If you’re feeling a little out of sorts this week, it might have something to do with the sun. For those of us in the northern hemisphere this is the week with the longest amount of daylight in the year. It goes by many names and celebrations, depending on your country or creed but one thing that an abundance of daylight brings out in everyone seemingly is a little touch of the wild or pagan.
The summer solstice is when witches convened in droves for meetings back in particularly witchy times. Willow the wisps, those ghostly lights that appear over marshes to draw travellers onto dangerous ground, love midsummer. Frenzied folk dance around maypoles covered in flowers. Fertility levels reach fever pitch. Bonfires and effigies are everywhere.
The more rural you go, the more extreme the effects. I hardly need point you to The Wicker Man for a cultural reference to the crazy goings on that happen in the Scottish Hebrides. Romping naked women, mad aristocrats, animal masks and the odd bit of human sacrifice make for quite a spectacle.
Of course no such nonsense takes place in the safety of the city, where light pollution is now so bad you hardly notice the novelty of sunshine at midnight. Cities by their virtue of being manmade, constructed, unnatural, don’t easily foster a connection with the primeval, pagan urges that arise from being in tune with nature. Cities deaden our natural instincts.
And it’s a crying shame. There’s nothing better than feeling a bit wild at a full moon and a bit frisky at midsummer. Our annual quality of life special issue of Monocle is out this week in which we rank the top 25 cities with the highest quality of life. Proximity to nature is a key ingredient precisely for the reasons mentioned above – an urban population that can swim, stroll and simply see the seasons change in the trees and flowerbeds, is generally a happy one.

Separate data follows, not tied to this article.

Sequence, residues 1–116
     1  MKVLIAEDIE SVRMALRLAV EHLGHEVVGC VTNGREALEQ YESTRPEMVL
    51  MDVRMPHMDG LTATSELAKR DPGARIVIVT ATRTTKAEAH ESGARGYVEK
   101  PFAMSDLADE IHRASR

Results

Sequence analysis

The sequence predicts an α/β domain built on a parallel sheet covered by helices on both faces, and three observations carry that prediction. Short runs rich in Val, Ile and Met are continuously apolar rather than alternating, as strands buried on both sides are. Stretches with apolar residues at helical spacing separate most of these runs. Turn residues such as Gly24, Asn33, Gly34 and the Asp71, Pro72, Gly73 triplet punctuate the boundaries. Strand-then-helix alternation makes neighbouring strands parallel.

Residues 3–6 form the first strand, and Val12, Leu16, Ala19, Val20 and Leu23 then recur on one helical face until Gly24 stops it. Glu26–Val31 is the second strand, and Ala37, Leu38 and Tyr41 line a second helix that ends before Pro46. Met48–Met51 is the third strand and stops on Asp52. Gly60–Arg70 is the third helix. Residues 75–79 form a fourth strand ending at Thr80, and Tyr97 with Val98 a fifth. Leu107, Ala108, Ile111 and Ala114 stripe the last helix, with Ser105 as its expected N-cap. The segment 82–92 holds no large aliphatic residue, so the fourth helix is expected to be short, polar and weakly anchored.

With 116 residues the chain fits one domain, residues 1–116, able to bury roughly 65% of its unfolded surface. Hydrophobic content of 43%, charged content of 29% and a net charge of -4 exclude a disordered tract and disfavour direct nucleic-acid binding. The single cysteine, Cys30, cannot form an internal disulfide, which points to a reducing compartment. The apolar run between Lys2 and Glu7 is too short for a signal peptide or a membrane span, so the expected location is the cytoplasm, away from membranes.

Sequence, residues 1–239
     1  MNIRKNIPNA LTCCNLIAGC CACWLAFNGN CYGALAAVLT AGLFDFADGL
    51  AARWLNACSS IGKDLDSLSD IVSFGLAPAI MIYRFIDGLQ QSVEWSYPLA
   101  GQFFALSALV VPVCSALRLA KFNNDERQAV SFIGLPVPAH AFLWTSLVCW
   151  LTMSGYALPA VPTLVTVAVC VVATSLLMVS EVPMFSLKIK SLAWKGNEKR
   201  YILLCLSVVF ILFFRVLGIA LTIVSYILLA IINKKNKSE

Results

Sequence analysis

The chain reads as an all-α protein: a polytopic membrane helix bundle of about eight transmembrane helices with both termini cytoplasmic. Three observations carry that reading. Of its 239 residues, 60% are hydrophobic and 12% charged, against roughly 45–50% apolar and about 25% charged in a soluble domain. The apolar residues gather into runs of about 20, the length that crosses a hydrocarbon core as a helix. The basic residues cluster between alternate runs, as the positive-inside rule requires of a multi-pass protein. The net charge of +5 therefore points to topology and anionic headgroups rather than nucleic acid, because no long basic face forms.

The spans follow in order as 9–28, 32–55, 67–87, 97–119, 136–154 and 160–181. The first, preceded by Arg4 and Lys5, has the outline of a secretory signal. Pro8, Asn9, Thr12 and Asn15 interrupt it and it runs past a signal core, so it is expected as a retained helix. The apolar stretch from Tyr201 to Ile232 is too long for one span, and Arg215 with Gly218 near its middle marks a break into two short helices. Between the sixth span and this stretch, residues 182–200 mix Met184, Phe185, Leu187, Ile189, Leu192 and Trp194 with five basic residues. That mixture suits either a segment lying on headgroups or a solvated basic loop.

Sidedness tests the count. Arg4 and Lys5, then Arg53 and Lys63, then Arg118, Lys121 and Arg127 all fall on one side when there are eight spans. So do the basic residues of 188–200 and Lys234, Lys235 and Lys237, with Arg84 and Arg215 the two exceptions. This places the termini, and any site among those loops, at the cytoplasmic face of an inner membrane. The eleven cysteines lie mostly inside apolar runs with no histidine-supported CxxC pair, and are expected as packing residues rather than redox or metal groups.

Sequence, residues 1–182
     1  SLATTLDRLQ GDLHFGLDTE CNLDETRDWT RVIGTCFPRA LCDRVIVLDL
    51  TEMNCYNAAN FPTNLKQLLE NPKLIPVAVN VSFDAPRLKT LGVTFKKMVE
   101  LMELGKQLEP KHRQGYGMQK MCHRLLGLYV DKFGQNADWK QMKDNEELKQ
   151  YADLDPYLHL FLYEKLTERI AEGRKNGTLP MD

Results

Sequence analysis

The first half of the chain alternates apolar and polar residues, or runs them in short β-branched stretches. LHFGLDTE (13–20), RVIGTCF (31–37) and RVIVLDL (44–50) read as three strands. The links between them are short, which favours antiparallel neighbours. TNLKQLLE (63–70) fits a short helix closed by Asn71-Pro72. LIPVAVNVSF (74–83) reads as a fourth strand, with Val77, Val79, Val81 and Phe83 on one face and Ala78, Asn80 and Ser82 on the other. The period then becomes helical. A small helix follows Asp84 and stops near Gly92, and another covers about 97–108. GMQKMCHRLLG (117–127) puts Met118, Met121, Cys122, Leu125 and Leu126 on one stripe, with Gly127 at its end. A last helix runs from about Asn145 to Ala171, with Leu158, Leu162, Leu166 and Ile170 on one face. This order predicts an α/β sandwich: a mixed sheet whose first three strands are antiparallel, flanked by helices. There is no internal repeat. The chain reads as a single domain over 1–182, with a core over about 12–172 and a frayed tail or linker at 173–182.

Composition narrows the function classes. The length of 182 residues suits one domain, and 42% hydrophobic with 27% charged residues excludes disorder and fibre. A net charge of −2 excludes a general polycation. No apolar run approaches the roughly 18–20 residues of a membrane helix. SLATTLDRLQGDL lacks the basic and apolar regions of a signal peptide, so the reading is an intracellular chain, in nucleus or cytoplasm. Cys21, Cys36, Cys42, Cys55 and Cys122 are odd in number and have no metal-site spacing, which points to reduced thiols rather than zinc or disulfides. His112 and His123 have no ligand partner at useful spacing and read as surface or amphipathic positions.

Last year I fulfilled a small lifetime ambition of spending midsummer in Finland. I was in Helsinki, which that year we ranked as number one city in our quality of life survey. Though staying in the heart of the small capital, a group of us were taken by boat to one of the islands for a long, large feast of a dinner. A bonfire was lit, a copious amount of alcohol was consumed and everyone shed their clothes and went swimming in the sea in the mysterious daylight at 02.00.
My companions were work acquaintances – a gathering of creative people in some of Finland’s bigger and more successful companies. It was an intimate celebration to have been a part of but one that felt entirely appropriate and natural. One companion told me his favourite thing in the world is to rub himself in the muddy clay at the edge of the lake he lives next to, and then wash it off in the water before lying out to dry on the warm stone. The way he described each sensation in minute detail is something I will remember forever – he gave himself over to nature, natural urges and sensations and for him this was the ultimate happiness. I think we should give in a little more to our natural urges this week. I’m not suggesting we roll around in flowerbeds or burn a wicker effigy in the street. But maybe a solo walk in a park might be enough to reconnect with nature and in turn reconnect with our natural feelings and urges, which are all too often stifled by our urban environments.